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Economists polled by Reuters had expected Chinese exports denominated in the U.S. dollar to fall by 3% and imports to decline by 5.2% in September, compared to a year ago.China Economyread more
Boeing's board removed CEO Dennis Muilenburg as chairman amid the fall out of two 737 Max crashes that killed 346 people.Aerospace & Defenseread more
The U.K. and EU are gearing up for what could be the busiest week in British politics since June 2016.Europe Politicsread more
The U.S. had plans to hike duties on at least $250 billion in Chinese goods to 30% from 25% on Tuesday. Despite the partial trade deal, some banks on Sunday wrote that tariff...Marketsread more
"It seems like what the two leaders have done is try to set some of the thorny political issues to the side," said Dhruva Jaishankar, director of the U.S. Initiative at the...Asia Politicsread more
Beijing will be opening up its financial industry to foreign ownership from January, namely in the areas of futures, mutual funds and securities.China Economyread more
The industry has pulled in $322 billion over the past six months, the fastest pace since the second half of 2008.Marketsread more
The number of Americans filing new claims for unemployment benefits unexpectedly fell to a fresh three-month low last week, suggesting a strengthening in labor market conditions.
Initial claims for state unemployment benefits dropped 9,000 to a seasonally adjusted 315,000, the Labor Department said on Thursday. That was the lowest reading since late November. Claims for the week ended March 1 were revised to show 1,000 more applications received than previously reported.
Economists polled by Reuters had forecast first-time applications for jobless benefits rising to 330,000 in the week ended March 8. The four-week moving average for new claims, considered a better measure of underlying labor market conditions as it irons out week-to-week volatility, fell 6,250 to 330,500, the lowest level since early December.
A Labor Department analyst said no states were estimated. Unseasonably cold weather has slowed job growth in recent months, but the labor market is showing signs of shaking off winter's icy grip.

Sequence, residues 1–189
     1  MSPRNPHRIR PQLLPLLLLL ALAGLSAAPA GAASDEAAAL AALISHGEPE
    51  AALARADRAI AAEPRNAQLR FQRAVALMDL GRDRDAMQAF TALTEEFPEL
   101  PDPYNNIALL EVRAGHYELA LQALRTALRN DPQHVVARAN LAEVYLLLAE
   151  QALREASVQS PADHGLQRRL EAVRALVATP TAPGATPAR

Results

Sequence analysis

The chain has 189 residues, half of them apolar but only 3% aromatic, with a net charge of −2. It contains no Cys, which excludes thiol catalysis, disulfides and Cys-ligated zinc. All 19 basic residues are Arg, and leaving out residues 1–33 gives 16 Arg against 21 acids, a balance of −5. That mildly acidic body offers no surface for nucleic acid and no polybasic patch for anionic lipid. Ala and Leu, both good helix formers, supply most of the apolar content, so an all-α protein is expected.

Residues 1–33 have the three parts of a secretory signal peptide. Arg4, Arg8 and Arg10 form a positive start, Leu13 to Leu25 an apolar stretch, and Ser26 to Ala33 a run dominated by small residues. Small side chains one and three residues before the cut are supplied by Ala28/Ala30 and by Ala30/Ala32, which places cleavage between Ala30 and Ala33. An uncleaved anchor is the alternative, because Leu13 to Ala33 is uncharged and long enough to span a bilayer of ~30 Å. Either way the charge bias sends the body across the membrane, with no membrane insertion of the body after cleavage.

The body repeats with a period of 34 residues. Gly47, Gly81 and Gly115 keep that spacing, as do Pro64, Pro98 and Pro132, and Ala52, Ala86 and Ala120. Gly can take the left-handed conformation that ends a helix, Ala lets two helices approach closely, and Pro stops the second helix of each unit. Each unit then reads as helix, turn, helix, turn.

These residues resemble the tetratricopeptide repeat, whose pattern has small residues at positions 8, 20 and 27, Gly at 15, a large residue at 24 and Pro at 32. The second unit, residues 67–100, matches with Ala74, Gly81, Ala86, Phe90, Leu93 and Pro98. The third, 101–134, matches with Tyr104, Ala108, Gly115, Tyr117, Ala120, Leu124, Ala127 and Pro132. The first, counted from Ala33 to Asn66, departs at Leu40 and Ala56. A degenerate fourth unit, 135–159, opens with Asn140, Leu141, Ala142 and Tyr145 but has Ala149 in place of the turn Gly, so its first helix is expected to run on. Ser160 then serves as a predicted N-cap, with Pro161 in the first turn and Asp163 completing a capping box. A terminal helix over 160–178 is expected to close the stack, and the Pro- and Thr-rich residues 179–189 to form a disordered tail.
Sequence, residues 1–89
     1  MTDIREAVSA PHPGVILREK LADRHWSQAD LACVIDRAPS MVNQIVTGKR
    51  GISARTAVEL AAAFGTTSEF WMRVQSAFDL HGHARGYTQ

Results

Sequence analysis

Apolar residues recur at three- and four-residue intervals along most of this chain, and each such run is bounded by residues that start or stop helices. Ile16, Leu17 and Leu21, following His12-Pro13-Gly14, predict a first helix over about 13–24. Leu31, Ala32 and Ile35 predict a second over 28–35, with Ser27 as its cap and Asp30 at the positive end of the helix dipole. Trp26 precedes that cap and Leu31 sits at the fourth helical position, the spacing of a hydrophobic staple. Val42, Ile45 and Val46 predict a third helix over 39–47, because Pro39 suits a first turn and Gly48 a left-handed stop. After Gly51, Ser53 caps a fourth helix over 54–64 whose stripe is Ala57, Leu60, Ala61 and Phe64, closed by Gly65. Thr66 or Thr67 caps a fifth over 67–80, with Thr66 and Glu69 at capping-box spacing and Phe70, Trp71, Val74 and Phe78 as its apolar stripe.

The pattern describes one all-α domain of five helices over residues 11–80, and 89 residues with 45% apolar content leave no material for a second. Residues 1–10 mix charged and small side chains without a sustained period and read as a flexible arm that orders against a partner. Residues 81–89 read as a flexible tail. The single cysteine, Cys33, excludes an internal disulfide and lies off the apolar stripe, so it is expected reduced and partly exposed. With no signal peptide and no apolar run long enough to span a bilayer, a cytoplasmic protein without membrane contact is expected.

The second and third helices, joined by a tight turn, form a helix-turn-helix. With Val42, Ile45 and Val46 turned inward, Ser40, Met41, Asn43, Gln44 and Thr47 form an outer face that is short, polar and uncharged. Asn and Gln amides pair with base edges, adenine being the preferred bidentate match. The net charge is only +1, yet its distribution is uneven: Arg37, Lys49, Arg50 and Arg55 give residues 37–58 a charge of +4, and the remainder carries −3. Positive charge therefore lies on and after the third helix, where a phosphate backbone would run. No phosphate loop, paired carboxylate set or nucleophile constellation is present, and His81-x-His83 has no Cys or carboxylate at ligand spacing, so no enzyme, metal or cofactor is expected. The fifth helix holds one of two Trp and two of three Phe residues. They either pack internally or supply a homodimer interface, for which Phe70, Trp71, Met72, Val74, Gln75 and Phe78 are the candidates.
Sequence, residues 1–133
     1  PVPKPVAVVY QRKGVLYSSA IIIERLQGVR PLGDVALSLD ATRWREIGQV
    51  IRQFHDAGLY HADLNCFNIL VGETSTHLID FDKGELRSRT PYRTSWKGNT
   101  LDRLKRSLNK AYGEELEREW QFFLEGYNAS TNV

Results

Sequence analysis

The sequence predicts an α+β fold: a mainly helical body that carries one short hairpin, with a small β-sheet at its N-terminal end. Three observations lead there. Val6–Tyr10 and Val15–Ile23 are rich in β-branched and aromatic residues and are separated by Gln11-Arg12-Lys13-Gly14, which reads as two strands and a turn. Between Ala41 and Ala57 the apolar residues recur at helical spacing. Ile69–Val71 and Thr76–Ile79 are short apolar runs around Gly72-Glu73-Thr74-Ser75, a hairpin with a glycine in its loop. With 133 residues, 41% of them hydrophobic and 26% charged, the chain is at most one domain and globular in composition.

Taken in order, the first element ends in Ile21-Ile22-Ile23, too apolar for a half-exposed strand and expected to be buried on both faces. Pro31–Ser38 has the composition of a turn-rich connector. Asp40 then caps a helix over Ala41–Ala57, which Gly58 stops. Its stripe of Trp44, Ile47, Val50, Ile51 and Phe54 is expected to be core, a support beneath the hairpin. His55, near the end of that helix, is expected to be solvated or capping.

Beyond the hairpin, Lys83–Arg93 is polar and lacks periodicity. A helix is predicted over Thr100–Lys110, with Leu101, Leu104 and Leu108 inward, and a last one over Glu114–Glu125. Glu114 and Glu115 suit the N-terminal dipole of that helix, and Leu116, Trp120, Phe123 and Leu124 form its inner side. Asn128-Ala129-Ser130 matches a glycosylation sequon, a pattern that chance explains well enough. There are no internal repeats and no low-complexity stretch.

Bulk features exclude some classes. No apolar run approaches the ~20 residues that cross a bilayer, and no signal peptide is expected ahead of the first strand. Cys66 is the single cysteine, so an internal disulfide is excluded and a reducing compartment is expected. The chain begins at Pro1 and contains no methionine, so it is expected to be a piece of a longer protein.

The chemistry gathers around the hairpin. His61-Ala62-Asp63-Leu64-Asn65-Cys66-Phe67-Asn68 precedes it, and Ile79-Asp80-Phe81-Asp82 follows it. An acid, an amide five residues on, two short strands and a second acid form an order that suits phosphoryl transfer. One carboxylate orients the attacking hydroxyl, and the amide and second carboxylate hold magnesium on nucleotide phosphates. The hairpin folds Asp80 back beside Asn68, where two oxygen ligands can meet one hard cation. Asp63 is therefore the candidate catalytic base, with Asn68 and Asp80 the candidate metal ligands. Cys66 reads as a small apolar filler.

Nonfarm payrolls increased 175,000 in February. They had risen 129,000 in January and gained 84,000 in December. Economists expect job gains to accelerate in March as temperatures warm up. The claims report showed the number of people still receiving benefits after an initial week of aid fell 48,000 to 2.86 million in the week ended March 1. That was the lowest level since December.
A separate report showed U.S. import prices rose more than expected and recorded their largest gain in a year in February as petroleum soared, but there was little sign of a broad pick-up in imported inflation.
The Labor Department said import prices increased 0.9 percent last month, the biggest rise since February last year. January's import prices were revised to show a 0.4 percent increase rather than the previously reported 0.1 percent gain.
Economists polled by Reuters had forecast import prices rising 0.4 percent in February. In the 12 months through February, import prices fell 1.1 percent, indicating overall imported inflation remained subdued. Import prices excluding petroleum rose 0.2 percent in
February after advancing 0.4 percent the prior month. Compared to February last year, they were down 0.6 percent. Petroleum prices rose 4.4 percent, the largest rise since August 2012.
The Labor Department report also showed export prices increased 0.6 percent in February, the largest rise in a year. That followed 0.2 percent rise in January. In the 12 months through February, export prices fell 1.3 percent.